Dietrich Bonhoeffer, a martyr

The Standard March 31, 2022

Jesus warns his followers that the world would not take kindly to them following in his footsteps. “Blessed are those who are persecuted because of righteousness, for theirs is the kingdom of heaven. Blessed are you when people insult you, persecute you and falsely say all kinds of evil against you because of me. Rejoice and be glad, because great is your reward in heaven, for in the same way they persecuted the prophets who were before you.” (Matthew 5:10-12) “My command is this: Love each other as I have loved you. Greater love has no one than this: to lay down one’s life for one’s friends. You are my friends if you do what I command.” (John 15:12-14) “If the world hates you, keep in mind that it hated me first. If you belonged to the world, it would love you as its own. As it is, you do not belong to the world, but I have chosen you out of the world. That is why the world hates you. Remember what I told you: ‘A servant is not greater than his master.’ If they persecuted me, they will persecute you also. If they obeyed my teaching, they will obey yours also. They will treat you this way because of my name, for they do not know the one who sent me.” (John 15:18-21)

In his classic The Cost of Discipleship, where he spells out the difference between “cheap grace” and “costly grace,” Dietrich Bonhoeffer proclaims, “When Christ calls a man, he bids him come and die.” For him, this was more than just an inspirational saying.

A German leader in the Confessional Church in the 1930s, Bonhoeffer refused to treat Adolf Hitler as an idol or a god. He saw the dangers ahead for Germany and actively worked against the Nazi regime. Remarkably focused on living out his Christian faith, Bonhoeffer’s sacrifice knew no end. Gerhard Leibholz in Memoir writes about his brother-in-law, “In June 1939, American friends got him out of Germany. But soon he felt that he could not stay there, but that he had to return to his country. When he came to England on his return from the United States, his friends quickly realized that Bonhoeffer’s heart belonged to his oppressed and persecuted fellow Christians in Germany and that he would not desert them at a time when they needed him most. The reasoning which brought Bonhoeffer to his decisions belongs, as Reinhold Niebuhr says, ‘to the finest logic of Christian martyrdom.’ ‘I shall have no right,’ Bonhoeffer wrote to Niebuhr before leaving America, ‘to participate in the reconstruction of Christian life in Germany after the war if I do not share the trials of this time with my people… Christians in Germany sill face the terrible alternative of either willing the defeat of their nation in order that Christian civilization may survive, or willing the victory of their nation and thereby destroying our civilization. I know which of these alternatives I must choose; but I cannot make this choice in security.’”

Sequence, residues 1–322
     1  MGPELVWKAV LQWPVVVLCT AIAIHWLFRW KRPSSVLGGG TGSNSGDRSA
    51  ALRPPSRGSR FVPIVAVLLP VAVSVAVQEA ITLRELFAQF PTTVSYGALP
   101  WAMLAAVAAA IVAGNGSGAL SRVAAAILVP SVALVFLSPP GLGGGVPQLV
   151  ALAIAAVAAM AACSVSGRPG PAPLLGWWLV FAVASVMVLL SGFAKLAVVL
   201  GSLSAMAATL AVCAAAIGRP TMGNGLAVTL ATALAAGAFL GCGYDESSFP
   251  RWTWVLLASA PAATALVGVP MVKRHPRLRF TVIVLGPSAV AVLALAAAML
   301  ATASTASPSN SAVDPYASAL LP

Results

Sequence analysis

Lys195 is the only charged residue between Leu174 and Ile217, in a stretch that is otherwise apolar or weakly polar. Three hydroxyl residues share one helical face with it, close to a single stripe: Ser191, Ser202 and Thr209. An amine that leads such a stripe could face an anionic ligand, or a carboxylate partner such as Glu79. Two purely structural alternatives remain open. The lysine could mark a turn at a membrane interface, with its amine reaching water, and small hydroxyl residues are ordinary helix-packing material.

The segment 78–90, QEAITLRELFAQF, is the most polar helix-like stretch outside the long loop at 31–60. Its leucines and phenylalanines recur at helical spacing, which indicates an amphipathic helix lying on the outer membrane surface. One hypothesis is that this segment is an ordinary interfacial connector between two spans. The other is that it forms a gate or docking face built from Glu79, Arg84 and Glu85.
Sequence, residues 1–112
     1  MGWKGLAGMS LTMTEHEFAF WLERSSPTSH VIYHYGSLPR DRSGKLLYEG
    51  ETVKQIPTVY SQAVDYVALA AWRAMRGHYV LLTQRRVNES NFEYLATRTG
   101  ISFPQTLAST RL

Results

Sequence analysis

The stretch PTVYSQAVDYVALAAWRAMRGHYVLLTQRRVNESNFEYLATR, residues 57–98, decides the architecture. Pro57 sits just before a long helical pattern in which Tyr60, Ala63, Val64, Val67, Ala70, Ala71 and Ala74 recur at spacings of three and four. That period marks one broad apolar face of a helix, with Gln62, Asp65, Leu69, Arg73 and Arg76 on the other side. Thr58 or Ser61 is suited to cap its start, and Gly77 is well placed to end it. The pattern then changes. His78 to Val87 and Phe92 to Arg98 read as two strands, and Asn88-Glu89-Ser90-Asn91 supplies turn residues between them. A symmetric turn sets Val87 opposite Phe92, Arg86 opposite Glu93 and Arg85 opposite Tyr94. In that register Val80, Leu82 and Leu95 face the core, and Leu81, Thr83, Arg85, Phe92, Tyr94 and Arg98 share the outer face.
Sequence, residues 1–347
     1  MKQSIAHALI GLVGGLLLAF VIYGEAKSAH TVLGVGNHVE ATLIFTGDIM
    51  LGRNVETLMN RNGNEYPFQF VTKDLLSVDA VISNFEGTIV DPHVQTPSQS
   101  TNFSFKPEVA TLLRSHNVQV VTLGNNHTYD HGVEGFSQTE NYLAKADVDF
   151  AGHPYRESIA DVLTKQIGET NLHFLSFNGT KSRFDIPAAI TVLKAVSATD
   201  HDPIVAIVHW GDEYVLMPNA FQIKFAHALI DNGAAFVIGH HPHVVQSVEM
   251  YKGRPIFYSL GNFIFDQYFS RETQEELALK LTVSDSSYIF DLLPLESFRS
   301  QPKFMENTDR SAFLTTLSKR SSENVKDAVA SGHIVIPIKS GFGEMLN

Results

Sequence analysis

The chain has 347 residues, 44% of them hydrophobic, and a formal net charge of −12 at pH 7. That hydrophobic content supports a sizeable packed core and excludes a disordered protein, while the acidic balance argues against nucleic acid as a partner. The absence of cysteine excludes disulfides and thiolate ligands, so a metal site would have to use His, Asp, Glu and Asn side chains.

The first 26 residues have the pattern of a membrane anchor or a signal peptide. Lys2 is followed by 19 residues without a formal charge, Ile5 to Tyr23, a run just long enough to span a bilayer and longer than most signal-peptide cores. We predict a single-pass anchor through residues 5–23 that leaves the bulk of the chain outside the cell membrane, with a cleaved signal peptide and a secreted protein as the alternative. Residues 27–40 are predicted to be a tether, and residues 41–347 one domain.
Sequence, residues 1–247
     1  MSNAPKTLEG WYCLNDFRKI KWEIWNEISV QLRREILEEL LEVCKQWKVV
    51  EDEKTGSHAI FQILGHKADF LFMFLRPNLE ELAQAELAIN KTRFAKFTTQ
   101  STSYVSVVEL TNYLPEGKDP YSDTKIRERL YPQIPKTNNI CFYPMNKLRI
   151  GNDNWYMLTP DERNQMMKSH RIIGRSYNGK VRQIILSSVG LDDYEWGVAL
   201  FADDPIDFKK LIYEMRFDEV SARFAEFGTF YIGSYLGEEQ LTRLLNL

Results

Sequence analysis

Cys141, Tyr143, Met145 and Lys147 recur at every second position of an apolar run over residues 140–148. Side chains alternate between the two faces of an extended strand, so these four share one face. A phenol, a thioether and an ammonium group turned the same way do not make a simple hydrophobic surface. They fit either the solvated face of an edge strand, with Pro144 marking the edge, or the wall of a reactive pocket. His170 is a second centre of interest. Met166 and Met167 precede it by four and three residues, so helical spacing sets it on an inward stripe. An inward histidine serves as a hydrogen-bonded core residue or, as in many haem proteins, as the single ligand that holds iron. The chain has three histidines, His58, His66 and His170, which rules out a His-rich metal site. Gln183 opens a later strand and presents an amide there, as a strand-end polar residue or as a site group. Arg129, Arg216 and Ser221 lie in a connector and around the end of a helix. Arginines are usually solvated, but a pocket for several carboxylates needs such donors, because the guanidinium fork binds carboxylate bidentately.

Bonhoeffer, his sister and brother-in-law were arrested by the Gestapo in April 1943. In prison he ministered to those who were sick, anxious or depressed. In February 1945 he was taken to the Buchenwald concentration camp and then to other camps, until he was executed on April 9, 1945.

According to the United States Holocaust Museum’s page on Dietrich Bonhoeffer, “The SS doctor who witnessed Bonhoeffer’s death later recalled a man ‘devout… brave and composed. His death ensued after a few seconds… I have hardly ever seen a man die so entirely submissive to the will of God.’ Bonhoeffer sent one final message, to George Bell in England: ‘This is the end, for me the beginning of life.’”

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